by John Loughborough
In the meeting that day I first saw Elder and Mrs. White. They had been away from Rochester for about three months, traveling by horse and carriage visiting scattered Sabbath-keepers in New England.
This Sabbath meeting was held at 124 Mt. Hope Avenue. The room for religious purposes, place of residence, and printing office of the Review and Herald were all in the same building, and Oswald Stowell was the pressman. At this time he had been suffering very severe attacks of pleurisy and had been given up by the physicians to die. Stowell was in the adjoining room and at the close of the Sabbath service sent in a request for prayer.
After I was introduced to the Whites, they invited me to go in with them for a season of prayer while the rest of the company remained in silent prayer in the meeting room. We bowed by the bedside, and while prayer was being offered, Elder White anointed Brother Stowell in the name of the Lord and he was instantly healed. When we arose from prayer, he was sitting up striking his sides which before had been so painful. "I am fully healed and shall be able to work tomorrow," he said. The same blessing that healed him fell in still greater measure upon Sister White. As Elder White turned to look he said, "Ellen is in vision. She does not breathe while in this condition. If any of you desire to satisfy yourselves of this fact, you are at liberty to examine her."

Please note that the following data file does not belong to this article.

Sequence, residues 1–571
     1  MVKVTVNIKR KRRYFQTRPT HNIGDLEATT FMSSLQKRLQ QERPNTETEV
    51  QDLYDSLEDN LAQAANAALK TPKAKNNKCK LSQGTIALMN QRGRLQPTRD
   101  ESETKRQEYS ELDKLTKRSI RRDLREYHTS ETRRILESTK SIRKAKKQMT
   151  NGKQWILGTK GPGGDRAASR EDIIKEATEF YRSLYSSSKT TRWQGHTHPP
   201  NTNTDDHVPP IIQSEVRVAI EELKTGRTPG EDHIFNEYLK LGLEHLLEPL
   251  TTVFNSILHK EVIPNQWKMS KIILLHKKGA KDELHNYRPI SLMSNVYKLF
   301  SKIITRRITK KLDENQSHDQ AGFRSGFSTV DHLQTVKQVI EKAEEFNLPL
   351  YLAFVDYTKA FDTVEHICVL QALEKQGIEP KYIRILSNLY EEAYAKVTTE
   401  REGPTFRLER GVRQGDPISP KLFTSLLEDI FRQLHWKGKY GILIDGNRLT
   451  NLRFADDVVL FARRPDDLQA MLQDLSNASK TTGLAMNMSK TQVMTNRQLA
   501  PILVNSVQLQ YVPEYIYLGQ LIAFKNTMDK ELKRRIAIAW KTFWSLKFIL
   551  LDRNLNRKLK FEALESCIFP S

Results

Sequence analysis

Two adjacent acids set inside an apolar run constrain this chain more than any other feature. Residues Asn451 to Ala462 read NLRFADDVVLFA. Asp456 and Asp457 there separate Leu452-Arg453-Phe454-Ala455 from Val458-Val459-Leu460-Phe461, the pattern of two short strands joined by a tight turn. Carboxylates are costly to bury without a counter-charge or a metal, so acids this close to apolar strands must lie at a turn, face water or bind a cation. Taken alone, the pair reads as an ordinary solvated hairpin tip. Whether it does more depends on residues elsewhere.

She was kneeling beside the bed with her eyes open in a far-away look as if gazing intently at some object, not in a vacant stare but in a pleasant, intelligent expression. Her countenance appeared fresh and florid. Though she looked upward, her head would turn from side to side as she seemed to be viewing different objects. It was evident from many tests applied that she was entirely oblivious to anything transpiring around her. Her hands would move gracefully from time to time. She remained in vision half an hour or more. While in that condition she spoke words and sometimes distinct sentences; yet by the closest scrutiny, no breath could be discerned in her body. When she came out of vision her first three breaths were like that of a newborn child's first breath.
(Miracles in My Life, pages 20, 21.)